Until just a few weeks ago, the only reason for why I read graphic novels now and then was because of people's constant recommendations about the beauty and the value of those kinds of books. I will be honest; I am guilty of never believing those words. Most likely did I read graphic novels which didn't suit my personal tastes, but Art Spiegelman was capable of shattering my expectations and completely stunning me with the art of his writing and his illustrations.

But let's start at the beginning
...more
Lea
Such a creative and innovative way to write a memoir. Loved the animal metaphor with mice and cats but evermore I adored the writer's honesty about his father's personality and its effects on his mental health. Even though his father was a Holocaust survivor, even before such trauma it is very likely he had what we call personality disorder, and the graphic novel does the raw unpacking of emotional pressure that Spiegelman grew up with having the kind a father he had; rigid, adamant, neurotic, d ...more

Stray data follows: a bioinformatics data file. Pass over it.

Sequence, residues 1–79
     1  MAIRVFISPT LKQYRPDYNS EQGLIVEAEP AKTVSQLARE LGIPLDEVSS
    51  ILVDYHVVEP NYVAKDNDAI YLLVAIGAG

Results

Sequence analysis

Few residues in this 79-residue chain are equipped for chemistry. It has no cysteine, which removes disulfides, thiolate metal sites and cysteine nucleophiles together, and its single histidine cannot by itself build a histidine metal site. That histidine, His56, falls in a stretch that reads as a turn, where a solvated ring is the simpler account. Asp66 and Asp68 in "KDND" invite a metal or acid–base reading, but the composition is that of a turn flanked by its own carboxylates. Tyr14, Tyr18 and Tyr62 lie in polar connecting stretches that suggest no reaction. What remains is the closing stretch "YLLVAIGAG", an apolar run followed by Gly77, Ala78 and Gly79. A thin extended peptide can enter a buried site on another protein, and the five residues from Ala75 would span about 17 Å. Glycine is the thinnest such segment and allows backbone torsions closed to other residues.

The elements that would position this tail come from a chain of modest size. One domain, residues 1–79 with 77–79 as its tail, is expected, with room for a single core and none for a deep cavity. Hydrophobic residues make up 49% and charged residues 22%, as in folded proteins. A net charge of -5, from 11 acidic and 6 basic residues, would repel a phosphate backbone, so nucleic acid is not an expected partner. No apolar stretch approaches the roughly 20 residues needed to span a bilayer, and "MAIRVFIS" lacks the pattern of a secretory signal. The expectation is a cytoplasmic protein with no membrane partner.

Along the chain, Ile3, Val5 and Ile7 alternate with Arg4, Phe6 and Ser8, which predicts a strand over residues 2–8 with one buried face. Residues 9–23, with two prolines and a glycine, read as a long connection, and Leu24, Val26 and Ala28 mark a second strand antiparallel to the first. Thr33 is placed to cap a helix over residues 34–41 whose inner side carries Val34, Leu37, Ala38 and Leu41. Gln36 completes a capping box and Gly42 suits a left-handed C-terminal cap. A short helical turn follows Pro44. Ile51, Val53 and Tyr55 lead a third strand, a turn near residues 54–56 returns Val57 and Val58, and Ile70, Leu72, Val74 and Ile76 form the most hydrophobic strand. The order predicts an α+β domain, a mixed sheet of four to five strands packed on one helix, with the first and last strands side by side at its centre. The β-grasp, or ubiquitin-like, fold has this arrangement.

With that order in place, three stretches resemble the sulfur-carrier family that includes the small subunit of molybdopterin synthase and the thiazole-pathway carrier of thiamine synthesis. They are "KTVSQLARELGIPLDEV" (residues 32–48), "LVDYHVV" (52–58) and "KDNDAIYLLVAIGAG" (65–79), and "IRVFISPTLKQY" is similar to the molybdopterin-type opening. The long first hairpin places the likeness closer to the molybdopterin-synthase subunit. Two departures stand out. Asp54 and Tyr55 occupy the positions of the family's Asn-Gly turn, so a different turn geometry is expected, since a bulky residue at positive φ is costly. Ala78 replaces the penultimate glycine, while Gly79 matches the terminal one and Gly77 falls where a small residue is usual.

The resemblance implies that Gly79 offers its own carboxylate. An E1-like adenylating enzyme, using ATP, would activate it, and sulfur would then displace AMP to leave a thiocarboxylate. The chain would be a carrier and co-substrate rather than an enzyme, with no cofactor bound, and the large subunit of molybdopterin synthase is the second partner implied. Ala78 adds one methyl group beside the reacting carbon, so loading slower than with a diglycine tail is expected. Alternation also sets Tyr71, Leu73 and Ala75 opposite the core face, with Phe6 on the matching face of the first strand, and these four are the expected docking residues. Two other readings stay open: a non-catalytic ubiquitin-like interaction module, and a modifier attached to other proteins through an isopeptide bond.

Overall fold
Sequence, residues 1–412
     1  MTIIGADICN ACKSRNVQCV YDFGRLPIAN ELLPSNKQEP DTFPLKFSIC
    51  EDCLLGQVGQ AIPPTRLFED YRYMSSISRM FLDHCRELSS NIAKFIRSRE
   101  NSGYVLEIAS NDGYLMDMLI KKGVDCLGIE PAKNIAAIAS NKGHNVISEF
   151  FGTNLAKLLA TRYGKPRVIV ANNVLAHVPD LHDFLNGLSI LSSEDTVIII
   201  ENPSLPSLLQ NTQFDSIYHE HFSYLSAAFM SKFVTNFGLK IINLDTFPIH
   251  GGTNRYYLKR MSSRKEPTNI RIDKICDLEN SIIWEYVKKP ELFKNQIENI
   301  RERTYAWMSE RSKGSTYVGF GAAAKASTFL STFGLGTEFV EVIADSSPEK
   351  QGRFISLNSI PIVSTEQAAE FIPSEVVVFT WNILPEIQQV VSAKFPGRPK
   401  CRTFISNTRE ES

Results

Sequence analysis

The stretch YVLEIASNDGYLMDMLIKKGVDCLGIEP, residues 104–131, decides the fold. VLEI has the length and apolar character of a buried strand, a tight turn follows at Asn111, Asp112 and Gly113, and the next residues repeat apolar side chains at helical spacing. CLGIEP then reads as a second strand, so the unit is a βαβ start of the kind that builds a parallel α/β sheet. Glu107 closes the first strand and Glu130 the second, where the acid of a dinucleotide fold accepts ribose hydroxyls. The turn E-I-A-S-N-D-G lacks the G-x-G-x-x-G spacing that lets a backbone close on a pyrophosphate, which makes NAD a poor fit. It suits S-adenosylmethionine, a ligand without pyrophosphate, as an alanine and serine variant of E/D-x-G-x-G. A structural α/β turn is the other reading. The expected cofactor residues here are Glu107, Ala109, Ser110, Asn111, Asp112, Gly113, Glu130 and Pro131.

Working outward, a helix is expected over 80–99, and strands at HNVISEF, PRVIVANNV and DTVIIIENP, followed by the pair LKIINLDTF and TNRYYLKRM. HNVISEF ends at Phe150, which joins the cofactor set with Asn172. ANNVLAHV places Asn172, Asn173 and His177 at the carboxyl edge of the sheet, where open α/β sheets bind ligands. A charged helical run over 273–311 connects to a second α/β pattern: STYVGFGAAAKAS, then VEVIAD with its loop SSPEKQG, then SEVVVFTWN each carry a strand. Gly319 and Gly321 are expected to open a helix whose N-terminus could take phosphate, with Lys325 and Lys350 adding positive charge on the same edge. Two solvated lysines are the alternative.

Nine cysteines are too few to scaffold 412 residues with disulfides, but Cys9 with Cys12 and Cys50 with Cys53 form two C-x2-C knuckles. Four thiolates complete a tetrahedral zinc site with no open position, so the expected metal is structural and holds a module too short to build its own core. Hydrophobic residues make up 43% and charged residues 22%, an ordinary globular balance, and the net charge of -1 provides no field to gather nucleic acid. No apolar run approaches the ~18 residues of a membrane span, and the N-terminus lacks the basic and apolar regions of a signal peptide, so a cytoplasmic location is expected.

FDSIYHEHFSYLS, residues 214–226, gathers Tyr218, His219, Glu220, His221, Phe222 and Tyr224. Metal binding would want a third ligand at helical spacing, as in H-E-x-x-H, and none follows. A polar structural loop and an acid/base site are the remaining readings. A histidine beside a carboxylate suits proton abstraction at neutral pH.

Matthew
Maus was more than I expected. I knew it would be about World War II and the Holocaust with the charaters being anthropomorphic mice, cats, pigs, dogs, etc. What I didn't realize was it would expand even farther in to the specific lives of the Spiegelmans before, during, and after the war.



Throughout the book the artist/author is a featured character struggling with his curmudgeonly father while he tries to document the story of his father's time in 1930s and 40s Poland and Germany. His experienc
...more
Hamad
This Review ✍️ Blog 📖 Twitter 🐦 Instagram 📷

Actual Rating: 3.5 stars

💉 This cover has been on my radar for a looooong time and it usually is on the most bought books in my country when I check the online bookstores. I am not a fan of history and so I avoided it for the longest time possible. A book I was reading did mention that it was a graphic novel about Jew people and what they went through and I became interested and found myself a copy!

💉 I like what the author did, he is very smart, Jew peop
...more
Svetlana
Apr 02, 2018 rated it it was amazing
“The Jews are undoubtedly a race, but they are not human.”
- Adolf Hitler